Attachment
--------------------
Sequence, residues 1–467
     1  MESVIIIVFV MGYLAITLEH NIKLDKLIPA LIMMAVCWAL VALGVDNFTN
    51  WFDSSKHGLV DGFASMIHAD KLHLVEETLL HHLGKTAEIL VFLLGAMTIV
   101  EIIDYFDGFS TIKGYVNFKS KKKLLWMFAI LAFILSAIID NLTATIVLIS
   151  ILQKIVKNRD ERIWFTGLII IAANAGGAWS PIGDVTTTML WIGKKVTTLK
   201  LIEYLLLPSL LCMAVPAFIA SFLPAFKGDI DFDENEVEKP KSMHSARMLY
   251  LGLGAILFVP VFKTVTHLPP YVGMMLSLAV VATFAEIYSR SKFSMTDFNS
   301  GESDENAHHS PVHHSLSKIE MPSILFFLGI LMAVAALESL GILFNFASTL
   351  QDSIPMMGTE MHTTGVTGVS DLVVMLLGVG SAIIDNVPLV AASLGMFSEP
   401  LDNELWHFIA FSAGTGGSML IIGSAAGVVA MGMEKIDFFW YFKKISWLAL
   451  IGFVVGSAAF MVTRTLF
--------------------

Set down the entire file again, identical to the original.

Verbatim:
Sequence, residues 1–467
     1  MESVIIIVFV MGYLAITLEH NIKLDKLIPA LIMMAVCWAL VALGVDNFTN
    51  WFDSSKHGLV DGFASMIHAD KLHLVEETLL HHLGKTAEIL VFLLGAMTIV
   101  EIIDYFDGFS TIKGYVNFKS KKKLLWMFAI LAFILSAIID NLTATIVLIS
   151  ILQKIVKNRD ERIWFTGLII IAANAGGAWS PIGDVTTTML WIGKKVTTLK
   201  LIEYLLLPSL LCMAVPAFIA SFLPAFKGDI DFDENEVEKP KSMHSARMLY
   251  LGLGAILFVP VFKTVTHLPP YVGMMLSLAV VATFAEIYSR SKFSMTDFNS
   301  GESDENAHHS PVHHSLSKIE MPSILFFLGI LMAVAALESL GILFNFASTL
   351  QDSIPMMGTE MHTTGVTGVS DLVVMLLGVG SAIIDNVPLV AASLGMFSEP
   401  LDNELWHFIA FSAGTGGSML IIGSAAGVVA MGMEKIDFFW YFKKISWLAL
   451  IGFVVGSAAF MVTRTLF